#Designing Dreams was the first initiative launched in 2020. Local designers give the girls sewing and design classes. Other formations will include cooking and hairdressing. “We talked to NGOs developing IT formations as well (…) to avoid gender bias,” says María. But electrical supply and internet connection are not reliable. So, they focused first on securing an income for the girls in their current context.
The sustainability of this project is a major concern for both UNODC and THRibune. The center must run locally. “Many girls only speak Swahili and whoever helps them has to connect closely with them. This is paramount to creating a sustainable ecosystem,” says Maria. Some of the matrons in these centers are ex-detainees. “Who better to help other women in the same situation”, says Maria. However Cruz stresses that in order to help they first need to heal. And this process does take time.
COVID-19: compromise in Kenya and poverty in Spain
The pandemic has delayed construction work until 2021. Girls at Dagoretti are in lockdown; they no longer receive classes. Now, only the UNODC can communicate with them. “It is hard not to be able to reach them,” says Vicky Tardón. She will move to Nairobi to supervise the project’s budget.
COVID-19 second wave increases the inequality gap worldwide and recrudesces already pressing social issues. So volunteers at THRibune faced the hard question. “We will meet the compromise we have for these women. But more and more people are facing poverty in Spain,” says Cruz.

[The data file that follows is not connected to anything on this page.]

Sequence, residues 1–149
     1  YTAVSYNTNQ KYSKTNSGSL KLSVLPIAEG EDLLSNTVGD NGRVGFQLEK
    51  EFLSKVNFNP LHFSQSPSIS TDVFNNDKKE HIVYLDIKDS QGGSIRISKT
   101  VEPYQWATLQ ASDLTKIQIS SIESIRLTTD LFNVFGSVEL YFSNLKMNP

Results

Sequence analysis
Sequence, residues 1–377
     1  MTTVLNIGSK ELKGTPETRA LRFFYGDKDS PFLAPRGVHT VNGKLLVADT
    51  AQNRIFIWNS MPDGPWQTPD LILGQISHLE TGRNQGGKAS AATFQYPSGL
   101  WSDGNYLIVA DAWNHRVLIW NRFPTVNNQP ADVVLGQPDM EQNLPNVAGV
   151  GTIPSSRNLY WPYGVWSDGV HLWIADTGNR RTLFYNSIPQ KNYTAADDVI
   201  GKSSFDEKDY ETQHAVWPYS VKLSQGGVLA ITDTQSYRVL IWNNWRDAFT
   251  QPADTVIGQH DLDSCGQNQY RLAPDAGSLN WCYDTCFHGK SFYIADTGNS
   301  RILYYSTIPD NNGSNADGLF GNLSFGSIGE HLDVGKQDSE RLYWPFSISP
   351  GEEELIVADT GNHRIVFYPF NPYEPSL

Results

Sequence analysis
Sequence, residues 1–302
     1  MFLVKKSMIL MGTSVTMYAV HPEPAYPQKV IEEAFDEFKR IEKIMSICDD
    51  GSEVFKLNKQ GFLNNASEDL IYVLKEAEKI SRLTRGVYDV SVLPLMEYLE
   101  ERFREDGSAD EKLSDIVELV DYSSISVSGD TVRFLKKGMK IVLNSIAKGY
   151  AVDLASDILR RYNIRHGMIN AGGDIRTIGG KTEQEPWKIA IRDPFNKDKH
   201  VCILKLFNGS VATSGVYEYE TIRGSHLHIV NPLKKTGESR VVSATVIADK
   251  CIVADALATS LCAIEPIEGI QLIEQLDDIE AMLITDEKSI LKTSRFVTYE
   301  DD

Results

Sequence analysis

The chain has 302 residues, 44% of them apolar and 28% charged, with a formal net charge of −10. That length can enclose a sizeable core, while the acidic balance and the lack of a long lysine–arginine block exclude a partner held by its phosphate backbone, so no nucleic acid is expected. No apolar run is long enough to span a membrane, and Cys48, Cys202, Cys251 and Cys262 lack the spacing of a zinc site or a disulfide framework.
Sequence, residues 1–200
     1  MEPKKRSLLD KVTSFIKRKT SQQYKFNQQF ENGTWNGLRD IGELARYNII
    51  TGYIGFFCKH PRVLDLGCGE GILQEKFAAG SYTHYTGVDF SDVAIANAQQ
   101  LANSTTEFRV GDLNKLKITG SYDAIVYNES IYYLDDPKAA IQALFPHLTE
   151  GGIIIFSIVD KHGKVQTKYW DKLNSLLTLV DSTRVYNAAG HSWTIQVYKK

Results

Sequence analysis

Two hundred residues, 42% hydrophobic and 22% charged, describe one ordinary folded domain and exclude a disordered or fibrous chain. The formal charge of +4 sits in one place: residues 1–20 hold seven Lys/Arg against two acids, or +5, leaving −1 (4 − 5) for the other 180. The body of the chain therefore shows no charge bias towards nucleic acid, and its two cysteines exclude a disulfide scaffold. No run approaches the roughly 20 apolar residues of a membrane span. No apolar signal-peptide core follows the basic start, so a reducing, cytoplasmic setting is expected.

So they decided to have a local association for women in danger of social exclusion, Ammer, making the masks they sell for funds. In addition, all mask production is local, only fabrics are bought in Kenya. THRibune also destines 10% of benefits to a food bank in Madrid. Their network helps women throughout the entire process. They’ve even created a solidarity chain with sweatshirts.
An agreement of wills from above
While uncertainty rises, Cruz is concerned about COVID-19’s effect on mental health. “The economic crisis plus the individual and collective crisis are a ticking bomb. We need to work together (…), with a positive message full of strength. (…) We need to build, not destroy. (…) I am hopeful, I see many people in representative and institutional positions who want to build.”
“Take the 2030 Agenda. Corporations are changing as they need to support causes. (…) The money will educate us, with a business mentality change, the world changes from above. The problem is that necessity is bellow and power above.”
How THRibune has adopted their fundraising model to COVID-19 reflects their motivations and empathy. Also, that they are engaged and listening to what surrounds them.
Since a healthy non-abusive relationship requires reciprocity, the power above might need to listen to the real necessities of those below. For, as THRibune’s networking and partnerships show, once there is a “an agreement of wills” the executive steps are easier to take.